WALKING ON EGGSHELLS: The Fifth Excerpt

A good illustration of what my times in high school was like…

 

UPDATING MY PROGRESS WITH MY BOOK, “WALKING ON EGGSHELLS”: 

I’m beginning to make the final edits and printouts of my descriptions of having Asperger’s in a non-Aspie world; I still hope to have it (self) published by the end of December.

For now, here’s another excerpt of “WALKING ON EGGSHELLS”, this one from Chapter 5, which is a pretty significant chapter as it focuses on my MANY social struggles in high school;

It’s called “Rough Times At Samohi, Part One”…

 

My alma mater is impressive in many ways and for a kid who is properly motivated and whose social skills are on the ball, Samohi (the first two letters of Santa, Monica, and High) is an excellent place to go to school offering everything that a student could want; strong in academics, sports, the arts, and a great place to launch yourself in whatever passion you choose to pursue.

Most unfortunately, as much as I’d like to say that the high school I graduated from in 1985 was great to me and I had the kind of wonderful time that you see on TV sitcoms, I simply can’t say that, largely because of what was – at least at that time – the root of Samohi’s academic and social philosophy and culture:

SWIM OR DROWN

Let me elaborate…

At Samo during the time I was there, sophomores – it was a three-year school in those days –  were expected to quickly catch on to the rigors and expectations of high school from Day One.

Being an Aspie (without knowing it), I had no knowledge of that as my mindset going in was that high school would be a simple continuation of my elementary and junior high years, where I was really successful – at least in the classroom.

I do NOT blame Samohi for the bad times I had there, the way I was such a misfit as I eventually understood why my alma mater’s environment was the way it was. Samo’s attitude was “Swim or Drown” because the powers that be wanted to teach us students what it took to succeed in the real world, how to thrive and survive after the high school days were done.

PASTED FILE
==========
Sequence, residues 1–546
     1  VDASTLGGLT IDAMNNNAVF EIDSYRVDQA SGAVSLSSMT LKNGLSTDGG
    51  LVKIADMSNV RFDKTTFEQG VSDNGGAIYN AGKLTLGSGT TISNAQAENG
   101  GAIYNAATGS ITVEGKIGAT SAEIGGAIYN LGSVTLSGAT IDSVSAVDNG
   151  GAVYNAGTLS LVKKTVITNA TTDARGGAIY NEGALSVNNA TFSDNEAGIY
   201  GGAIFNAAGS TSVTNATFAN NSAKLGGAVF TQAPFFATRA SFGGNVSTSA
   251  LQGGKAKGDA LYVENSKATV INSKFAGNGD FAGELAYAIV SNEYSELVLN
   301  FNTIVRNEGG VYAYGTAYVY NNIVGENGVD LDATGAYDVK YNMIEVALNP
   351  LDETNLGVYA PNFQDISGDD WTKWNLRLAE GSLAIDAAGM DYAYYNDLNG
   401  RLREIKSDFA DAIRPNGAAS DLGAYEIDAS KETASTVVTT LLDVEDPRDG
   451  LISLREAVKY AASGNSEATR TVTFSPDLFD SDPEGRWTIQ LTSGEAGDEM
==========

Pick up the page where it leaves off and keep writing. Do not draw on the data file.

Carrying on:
All right, now that I’ve gotten all that out-of-the-way, It’s high time for me to begin my detailed description of the hell that my high school was for me, socially and otherwise, from late August of 1982 to June 21, 1985 – the day I received my diploma.

My primary extracurricular activity during my three years at Samohi was the Santa Monica High School Viking Marching Band. Band camp (preseason band practice) started two weeks before school did, hence my stating that my high school hell not only began two weeks before I set foot inside of my first high school class, it began that very first warm, sunny morning of band camp on the multipurpose baseball/soccer/football field on campus that late August of 1982.

Any chances of being thought as “cool” by the rest of the 10th graders, by and large, were dealt a HUGE blow when during a break in band camp rehearsal one day, I was introduced to some fellow sophomores in the band by an ex-junior high band mate who had joined the band with me as someone whose “…brain was absent most of the time.”

Another unpleasant memory that stood out for me that first band camp was the senior that played baritone sax along with me, someone who was, for all intents and purposes, my designated mentor who from my way of thinking was supposed to be a good friend and have my back.

He will go by the name of Boyd*

Unfortunately, as much as I understand now that Boyd was trying to help me and as much as his intentions were good, it was the way he went about mentoring me that gave me such trauma. Combine that with my then-unknown aspieness, my need of nurturing and friendly support, and the way my mind subsequently worked in inappropriate ways due to my high-functioning autistic tendencies, and you had a match made in – I’ll go ahead and say it – hell.

One really warm afternoon on that North Field, when during a marching exercise I made a mistake on some maneuver, Boyd said to me – and I remember his exact words all these years later…

“You’re stupid, Derek.”

Real sympathetic and supportive, don’t you think?

I must emphasize that my struggles in that band were not all due to Boyd and others who were giving me such hell.